By Caroline Ackerman

“Blue wave” singer-songwriter Mac DeMarco streamed his hazy fourth album, “Another One,” in the middle of summer. Following the critically acclaimed “Salad Days,” DeMarco slows down and makes way for a less adventurous sound in his newest album. While “Salad Days” expresses the heartbreaks of growing up, DeMarco’s newest album reveals the heartbreaks of finding love. “How’s your heart been beating?” DeMarco asks in the first line of the album, a question to reflect on throughout its seven tracks.

DeMarco melancholically sings about the trials and triumphs of normality while successfully creating an overall abnormal sound. Lethargic guitars and characteristically offbeat synth provide background to DeMarco’s thoughtful lyrics. The title track, “Another One,” describes the paranoia that arrives with young love — “Feeling so confused, don’t know what to do, afraid she might not love you anymore.”

“Another One” barely hits LP status, clocking in at a mere 23 minutes, but it leaves a lasting impression and has the listener begging for more of DeMarco’s wisdom. Fortunately for unsatisfied listeners, “My House by the Water” ends the album with an invitation to have coffee at DeMarco’s house in Queens.

“Another One” vividly paints the picture of the lackluster side of love without including the falsely-perpetuated images of fiery passion and constant fervor. Images of holding hands while pushing a rusted grocery cart and walks around a littered pond complement the sentimental attitude of “Another One.” DeMarco’s voice and skillful musicality add to the story of love told throughout the album — gentle and imperfect.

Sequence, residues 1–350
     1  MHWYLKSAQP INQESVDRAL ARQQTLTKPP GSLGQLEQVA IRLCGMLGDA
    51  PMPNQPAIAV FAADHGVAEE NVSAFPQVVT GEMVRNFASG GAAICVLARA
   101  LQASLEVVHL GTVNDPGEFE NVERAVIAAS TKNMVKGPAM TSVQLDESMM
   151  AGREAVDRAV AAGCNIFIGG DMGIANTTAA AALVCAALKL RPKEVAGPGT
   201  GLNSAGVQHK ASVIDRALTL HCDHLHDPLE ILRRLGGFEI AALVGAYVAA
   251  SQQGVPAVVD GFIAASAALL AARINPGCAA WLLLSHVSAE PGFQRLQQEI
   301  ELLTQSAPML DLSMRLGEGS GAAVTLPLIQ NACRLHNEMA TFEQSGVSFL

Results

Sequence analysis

By TJ Mertikas

Titus Andronicus is the only indie band for which a 29-song rock opera that clocks in at just over 90 minutes seems like natural progression. “The Most Lamentable Tragedy” is the fourth studio album from New Jersey rockers Titus Andronicus, who earlier in the decade released one of the best indie rock records of the 2000s with “The Monitor,” an album that seamlessly blends themes of a poor post-college experience and the Civil War. Having confusing concepts already under its belt, the band returns with a five-act rock opera about a man suffering from manic depression who comes across his seemingly put-together doppelganger.

Like most rock operas the story is often clunky and muddled, which would be a problem if the songwriting weren’t as stellar as it is here. Even if no attention were paid to the overarching narrative, this record could still be thoroughly enjoyed. Titus Andronicus somehow combines the DIY ethic that has always surrounded the band’s music with arena rock guitar solos and instrumentals that wouldn’t seem out of place on a Bruce Springsteen album. The influences are clear and executed perfectly. Tracks like “Fatal Flaw” and “Fired Up” are the best arena rock songs written in the past decade. “Come On Siobhan” has the catchiest hook of the year and was made to be screamed in DIY venues across the country.

With “The Most Lamentable Tragedy” Titus Andronicus has finally lived up to the lofty expectations that “The Monitor” set and has done so with one of the most original, bold ideas of the year. Play this album as loudly as possible.



By Cameron Beck